Before i went i was feeling very flat and demoralised again with my practice.  This is something that hasnt happened before (been taking photographs for 30 odd years) but has happened twice on Identiy and Place.

First of all, lets get this out of the way, it is nothing to do with the quality of the course or my tutor.  My tutor has been fantastic throughout – a great mix of encouragement, support yet prodding and challenging me where I need it.  And I quietly smile to myself when she’s intuitive enough to know which one I need – wise stuff and immensely helpful.

The course content is exactly what I wanted it to be – a challenge in the largely unexplored arena of people photography.  So that is also good.

While on holiday I hardly picked up a camera.  It felt like I needed a break.  I did read – I used the time to really try and get under the skin of the more difficult texts such as Barthes and Sontag. I was asked to take some photographs of my partner and her colleagues at an award ceremony.

A bit messy.  Could have arranged them better.  Shows where my head was at the time.

This lack of motivation created a loss of inertia, a downward spiral, a loss of confidence, apathy and procrastination.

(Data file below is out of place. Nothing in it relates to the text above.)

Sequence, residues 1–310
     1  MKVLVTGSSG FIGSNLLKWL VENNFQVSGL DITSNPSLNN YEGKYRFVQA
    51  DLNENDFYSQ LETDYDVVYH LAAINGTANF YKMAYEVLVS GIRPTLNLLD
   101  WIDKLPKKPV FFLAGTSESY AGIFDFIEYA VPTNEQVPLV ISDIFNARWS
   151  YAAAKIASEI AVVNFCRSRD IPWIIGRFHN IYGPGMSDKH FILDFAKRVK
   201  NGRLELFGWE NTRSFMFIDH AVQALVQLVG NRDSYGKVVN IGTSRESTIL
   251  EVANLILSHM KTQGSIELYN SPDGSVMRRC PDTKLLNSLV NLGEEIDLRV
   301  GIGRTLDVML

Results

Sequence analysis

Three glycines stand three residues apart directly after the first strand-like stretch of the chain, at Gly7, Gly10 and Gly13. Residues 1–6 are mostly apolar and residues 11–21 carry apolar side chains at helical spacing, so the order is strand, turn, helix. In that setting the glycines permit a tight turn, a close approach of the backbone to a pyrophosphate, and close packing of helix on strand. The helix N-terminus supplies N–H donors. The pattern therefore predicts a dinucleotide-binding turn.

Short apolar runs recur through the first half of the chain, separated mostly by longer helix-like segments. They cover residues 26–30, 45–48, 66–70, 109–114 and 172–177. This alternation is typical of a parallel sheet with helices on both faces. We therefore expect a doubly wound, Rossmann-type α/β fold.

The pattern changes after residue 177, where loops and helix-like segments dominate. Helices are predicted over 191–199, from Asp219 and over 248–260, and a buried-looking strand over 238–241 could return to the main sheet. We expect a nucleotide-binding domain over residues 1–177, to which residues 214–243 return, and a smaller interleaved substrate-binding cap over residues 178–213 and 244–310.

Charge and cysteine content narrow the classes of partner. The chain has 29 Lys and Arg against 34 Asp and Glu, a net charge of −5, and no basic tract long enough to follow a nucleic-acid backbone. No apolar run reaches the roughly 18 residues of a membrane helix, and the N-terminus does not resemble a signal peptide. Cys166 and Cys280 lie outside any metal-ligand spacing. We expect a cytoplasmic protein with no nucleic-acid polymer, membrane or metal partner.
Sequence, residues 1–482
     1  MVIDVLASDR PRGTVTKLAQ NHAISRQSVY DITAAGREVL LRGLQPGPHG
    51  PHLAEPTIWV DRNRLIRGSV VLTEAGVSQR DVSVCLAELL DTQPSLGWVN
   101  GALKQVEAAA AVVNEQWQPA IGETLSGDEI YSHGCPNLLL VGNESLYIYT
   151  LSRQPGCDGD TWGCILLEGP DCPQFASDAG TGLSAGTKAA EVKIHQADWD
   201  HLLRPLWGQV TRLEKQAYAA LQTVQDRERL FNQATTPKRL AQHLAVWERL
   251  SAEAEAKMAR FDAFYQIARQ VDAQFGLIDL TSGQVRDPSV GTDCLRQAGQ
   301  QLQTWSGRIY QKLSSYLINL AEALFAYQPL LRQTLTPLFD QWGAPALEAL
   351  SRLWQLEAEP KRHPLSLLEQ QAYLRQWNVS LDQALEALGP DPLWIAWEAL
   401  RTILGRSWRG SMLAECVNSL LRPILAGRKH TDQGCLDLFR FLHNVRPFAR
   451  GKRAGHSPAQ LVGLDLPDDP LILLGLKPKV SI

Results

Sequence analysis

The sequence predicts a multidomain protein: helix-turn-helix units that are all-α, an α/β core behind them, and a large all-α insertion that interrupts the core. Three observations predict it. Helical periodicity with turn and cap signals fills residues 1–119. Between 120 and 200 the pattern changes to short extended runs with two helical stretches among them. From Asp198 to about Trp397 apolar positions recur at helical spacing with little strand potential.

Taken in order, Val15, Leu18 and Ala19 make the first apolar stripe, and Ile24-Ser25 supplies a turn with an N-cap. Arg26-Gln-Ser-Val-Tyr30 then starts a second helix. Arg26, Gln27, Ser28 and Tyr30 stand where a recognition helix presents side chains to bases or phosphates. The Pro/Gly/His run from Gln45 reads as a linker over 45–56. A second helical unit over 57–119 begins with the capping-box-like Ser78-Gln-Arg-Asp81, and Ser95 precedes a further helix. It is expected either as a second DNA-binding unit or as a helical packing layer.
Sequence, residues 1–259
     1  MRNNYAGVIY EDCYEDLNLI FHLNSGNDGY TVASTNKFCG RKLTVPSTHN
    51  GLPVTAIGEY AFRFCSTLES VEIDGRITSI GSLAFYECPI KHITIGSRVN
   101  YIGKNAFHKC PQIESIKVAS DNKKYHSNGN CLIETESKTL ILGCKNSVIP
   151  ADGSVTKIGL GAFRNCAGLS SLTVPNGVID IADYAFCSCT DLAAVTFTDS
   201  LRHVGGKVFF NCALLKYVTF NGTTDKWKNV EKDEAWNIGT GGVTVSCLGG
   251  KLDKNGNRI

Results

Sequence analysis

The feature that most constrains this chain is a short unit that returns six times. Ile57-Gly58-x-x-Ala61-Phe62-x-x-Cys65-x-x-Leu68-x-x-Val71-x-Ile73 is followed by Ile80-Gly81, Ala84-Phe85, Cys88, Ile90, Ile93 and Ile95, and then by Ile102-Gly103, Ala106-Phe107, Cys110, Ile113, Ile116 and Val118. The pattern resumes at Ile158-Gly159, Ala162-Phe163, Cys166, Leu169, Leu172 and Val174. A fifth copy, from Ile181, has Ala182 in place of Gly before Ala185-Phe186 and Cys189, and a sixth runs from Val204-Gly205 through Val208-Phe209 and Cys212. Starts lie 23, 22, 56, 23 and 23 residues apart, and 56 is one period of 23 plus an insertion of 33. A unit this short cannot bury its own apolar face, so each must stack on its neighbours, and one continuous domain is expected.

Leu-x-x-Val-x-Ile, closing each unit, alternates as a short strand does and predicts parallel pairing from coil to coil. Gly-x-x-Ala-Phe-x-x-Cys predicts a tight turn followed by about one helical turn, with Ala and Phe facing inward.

Not good.

So what is going on?  How do I get my mojo back?

I have really dug deep into myself during my time off to try and learn why.

I think one thing is work pressure.  Ultimately photography is foreced to be a hobby to fit in around work.  When work is busy and stressful (and it is just work, not anything that feeds my soul) then my energy for other things is diminished.  But that is just reality. A reality faced by many others on the same path.  But work hasnt been / isnt great.

I’m also suffering from something I call ‘People paralysis’.  I find it harder to motivate myself to take pictures of people…sometimes. I took these photographs of strangers at a festival a week ago.  I think the difference is that they knew they were ‘supposed to be’ photographed at an event.  There was no ‘approaching strangers’ hurdle to ask them involved:

So it isn’t a fear of people per se.  Its a fear of approaching, of supposed to be there in that role of photographer.  I need to work hard to overcoome this but, equally, i need to enjoy my photography again by taking images of things that inspire and interest me.

This fear drives a procrastination which is hard to overcome after a 12 hoour working day and a hot dinner in the evening.


Yesterday a friend asked me to share some photos from the events above.  This I did, to the expected oohs and aaahs on Facebook of those I was there with.  And suddenly Im back.  Motivated, and thinking about Exercise 4.3 again.  But why do we fall into these lulls, waste time and struggle to overcome them?  Especially when it is something we know we fundamentally like to do?